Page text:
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Related to ELBW: very low birth weight
ELBWExtremely Low Birth Weight
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Prematurity is the driver of neonatal deaths in the country, with those born weighing <1 000 grams (ELBW) contributing significantly to the mortality figures.
The aims of this study were to quantify the amount of protein intake and compare growth parameters at hospital discharge (as measured by discharge weight and head circumference percentiles) when using two different methodologies (birth weight versus current daily weight until birth weight is regained) for calculating fluid and protein intake in the first two weeks after birth in ELBW infants.
[27] questioned these findings for ELBW neonates, as the use of Tochen's formula would result in excessively deep insertions of ETT, in that subgroup.
The Victorian Infant Collaborative Study Group included in their study extremely preterm or ELBW infants who underwent surgery and required general anesthesia during their primary hospitalization.
Considering the infants enrolled in the Canadian study were more premature than those in our study, the higher incidence of ROP in our study implicates the need for optimizing neonatal care for ELBW infants in developing countries.
The following variables were taken into consideration: MDI, PDI, and BRS, according to the BSID-II (as outcome measures); and days of gestational age (GA), birth weight (BW), categories of preterm infants on the basis of BW (VLBW and ELBW), categories on the basis of size versus GA (appropriate for GA, AGA, and small for G, SGA), head circumference (HC), 1-minute Apgar score (1'-AS) and 5-minute Apgar score (5'-AS), levels of severity on the basis of cranial ultrasound (CU) reports, presence or absence of bronchopulmonary dysplasia (BPD), and days of mechanical ventilation (MV) (as possible treatment-modifying factors).
The spontaneous closure of PDA during early postnatal life in 35% of ELBW infants and in 70% of infants with GA greater than 28 weeks has been demonstrated in a prospective studyby Koch et al.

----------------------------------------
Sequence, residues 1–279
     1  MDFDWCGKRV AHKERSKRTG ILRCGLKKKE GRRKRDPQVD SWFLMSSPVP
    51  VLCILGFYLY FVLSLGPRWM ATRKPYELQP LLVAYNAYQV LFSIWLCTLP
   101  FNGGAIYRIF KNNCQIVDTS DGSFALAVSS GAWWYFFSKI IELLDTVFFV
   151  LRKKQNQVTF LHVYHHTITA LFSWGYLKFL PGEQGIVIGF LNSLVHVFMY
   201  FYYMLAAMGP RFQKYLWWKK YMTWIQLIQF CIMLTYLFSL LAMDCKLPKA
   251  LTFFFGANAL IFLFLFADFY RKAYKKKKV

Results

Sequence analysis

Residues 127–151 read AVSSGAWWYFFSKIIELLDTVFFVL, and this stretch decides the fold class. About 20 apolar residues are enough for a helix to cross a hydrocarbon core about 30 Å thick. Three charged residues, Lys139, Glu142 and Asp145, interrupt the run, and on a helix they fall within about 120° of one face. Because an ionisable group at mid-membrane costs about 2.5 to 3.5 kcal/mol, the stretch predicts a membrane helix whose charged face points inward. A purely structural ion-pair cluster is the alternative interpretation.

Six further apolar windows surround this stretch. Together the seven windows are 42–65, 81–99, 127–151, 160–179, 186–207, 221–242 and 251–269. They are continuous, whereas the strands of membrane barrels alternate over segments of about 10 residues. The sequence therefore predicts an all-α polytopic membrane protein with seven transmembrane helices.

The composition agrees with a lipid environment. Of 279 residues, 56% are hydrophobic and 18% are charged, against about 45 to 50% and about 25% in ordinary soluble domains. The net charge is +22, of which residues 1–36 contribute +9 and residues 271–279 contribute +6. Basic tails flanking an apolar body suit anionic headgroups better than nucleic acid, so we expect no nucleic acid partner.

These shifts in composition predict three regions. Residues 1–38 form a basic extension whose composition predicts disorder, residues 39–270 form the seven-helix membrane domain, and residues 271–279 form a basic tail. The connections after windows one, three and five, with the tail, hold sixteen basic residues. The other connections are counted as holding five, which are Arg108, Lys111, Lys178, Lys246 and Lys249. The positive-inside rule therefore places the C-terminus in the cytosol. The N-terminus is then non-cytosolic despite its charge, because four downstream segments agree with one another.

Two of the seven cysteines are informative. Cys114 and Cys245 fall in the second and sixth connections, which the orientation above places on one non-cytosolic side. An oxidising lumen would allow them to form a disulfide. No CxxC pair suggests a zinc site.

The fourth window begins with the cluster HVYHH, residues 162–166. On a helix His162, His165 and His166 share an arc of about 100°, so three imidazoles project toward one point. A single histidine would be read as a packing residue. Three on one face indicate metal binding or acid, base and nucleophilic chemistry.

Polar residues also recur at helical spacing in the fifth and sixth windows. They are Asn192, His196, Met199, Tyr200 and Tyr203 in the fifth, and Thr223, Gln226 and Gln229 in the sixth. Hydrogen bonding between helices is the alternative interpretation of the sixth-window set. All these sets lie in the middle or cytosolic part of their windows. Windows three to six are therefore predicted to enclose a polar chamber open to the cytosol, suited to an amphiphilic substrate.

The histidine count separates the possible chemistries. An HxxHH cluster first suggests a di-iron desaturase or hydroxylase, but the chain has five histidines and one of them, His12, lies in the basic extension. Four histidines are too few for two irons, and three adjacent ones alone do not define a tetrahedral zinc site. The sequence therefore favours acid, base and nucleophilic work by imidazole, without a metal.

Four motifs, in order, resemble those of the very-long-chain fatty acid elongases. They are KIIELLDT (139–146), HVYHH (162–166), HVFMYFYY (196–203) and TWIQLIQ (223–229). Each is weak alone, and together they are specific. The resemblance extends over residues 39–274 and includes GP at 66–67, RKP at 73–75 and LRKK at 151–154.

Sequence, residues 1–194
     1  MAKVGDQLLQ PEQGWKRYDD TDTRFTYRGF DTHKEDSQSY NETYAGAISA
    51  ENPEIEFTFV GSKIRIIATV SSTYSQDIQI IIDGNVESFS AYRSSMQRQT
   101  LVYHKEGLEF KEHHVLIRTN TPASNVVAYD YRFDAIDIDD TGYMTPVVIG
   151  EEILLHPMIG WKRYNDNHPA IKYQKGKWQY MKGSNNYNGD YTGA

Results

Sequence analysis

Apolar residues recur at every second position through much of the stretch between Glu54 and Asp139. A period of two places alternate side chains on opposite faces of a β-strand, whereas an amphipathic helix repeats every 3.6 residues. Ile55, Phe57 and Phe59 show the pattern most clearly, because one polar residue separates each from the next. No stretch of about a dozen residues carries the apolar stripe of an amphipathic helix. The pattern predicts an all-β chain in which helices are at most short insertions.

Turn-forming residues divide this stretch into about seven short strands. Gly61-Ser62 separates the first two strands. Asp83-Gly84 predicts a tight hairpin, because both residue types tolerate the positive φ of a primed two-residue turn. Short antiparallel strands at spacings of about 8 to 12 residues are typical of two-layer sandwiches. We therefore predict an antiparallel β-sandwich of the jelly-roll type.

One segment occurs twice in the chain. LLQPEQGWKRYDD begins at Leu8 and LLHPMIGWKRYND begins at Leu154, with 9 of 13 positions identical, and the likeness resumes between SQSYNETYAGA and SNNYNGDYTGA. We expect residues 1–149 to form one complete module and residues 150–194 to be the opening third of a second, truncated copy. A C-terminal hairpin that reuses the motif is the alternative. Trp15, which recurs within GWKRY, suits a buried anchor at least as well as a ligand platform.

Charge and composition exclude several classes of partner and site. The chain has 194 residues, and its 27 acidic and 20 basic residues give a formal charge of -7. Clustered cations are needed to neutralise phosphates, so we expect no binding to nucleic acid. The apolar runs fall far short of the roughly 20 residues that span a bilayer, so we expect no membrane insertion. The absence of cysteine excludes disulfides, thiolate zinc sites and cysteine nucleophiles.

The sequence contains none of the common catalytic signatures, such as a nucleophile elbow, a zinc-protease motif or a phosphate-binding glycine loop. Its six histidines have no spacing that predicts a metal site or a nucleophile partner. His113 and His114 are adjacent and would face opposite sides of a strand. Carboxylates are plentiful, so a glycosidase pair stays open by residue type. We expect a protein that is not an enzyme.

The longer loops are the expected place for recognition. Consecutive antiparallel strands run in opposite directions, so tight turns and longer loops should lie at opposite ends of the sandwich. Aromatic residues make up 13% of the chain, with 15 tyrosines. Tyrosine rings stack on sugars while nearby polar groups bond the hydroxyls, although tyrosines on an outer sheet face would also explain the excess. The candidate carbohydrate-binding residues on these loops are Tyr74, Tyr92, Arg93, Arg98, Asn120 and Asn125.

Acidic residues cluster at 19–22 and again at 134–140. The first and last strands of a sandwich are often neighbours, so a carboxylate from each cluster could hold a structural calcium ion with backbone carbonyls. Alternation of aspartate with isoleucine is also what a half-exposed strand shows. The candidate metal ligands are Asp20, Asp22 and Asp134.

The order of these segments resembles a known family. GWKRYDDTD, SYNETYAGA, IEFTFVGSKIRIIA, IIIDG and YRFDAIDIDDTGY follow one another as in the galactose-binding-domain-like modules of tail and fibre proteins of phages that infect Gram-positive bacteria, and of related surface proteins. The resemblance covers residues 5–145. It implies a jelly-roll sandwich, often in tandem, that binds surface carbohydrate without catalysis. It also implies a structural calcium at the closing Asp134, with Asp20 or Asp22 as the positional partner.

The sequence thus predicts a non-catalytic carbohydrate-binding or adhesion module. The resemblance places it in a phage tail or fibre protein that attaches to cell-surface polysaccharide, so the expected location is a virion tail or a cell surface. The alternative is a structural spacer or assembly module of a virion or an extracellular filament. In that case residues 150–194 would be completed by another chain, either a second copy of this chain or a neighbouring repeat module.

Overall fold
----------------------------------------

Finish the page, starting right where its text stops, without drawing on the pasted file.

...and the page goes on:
One possible reason is that maternal/general hospitals have more percentage of preterm or VLBW neonates, which has raised a challenge of reducing neonatal mortality.[sup][1] Our another study about the mortality of extremely low birth weight (ELBW) infants showed that the maternal/general hospitals have a lower survival rate than pediatric hospitals.[sup][28] Another possible reason might be the higher incidence of pregnancy complications and multiple pregnancies in maternal/general hospitals.
Head circumference in ELBW babies is associated with learning difficulties and cognition but not ADHD in the school-aged child.
Low birth weight (LBW) infants are live born infants with birth weight less than 2500gm regardless of gestational age.1 There are three subclasses: 1501-2500gm LBW, 1001-1500gm very low birth weight (VLBW), and less than or equal 1000 gm extremely low birth weight (ELBW).2
Our goal at Children's Hospital of Orange County (CHOC Children's) is to ensure that extremely-low-birthweight (ELBW) babies not only survive, but that they do so with fewer long-term complications.
Neurobehavioral assessment predicts differential outcome between VLBW and ELBW preterm infants.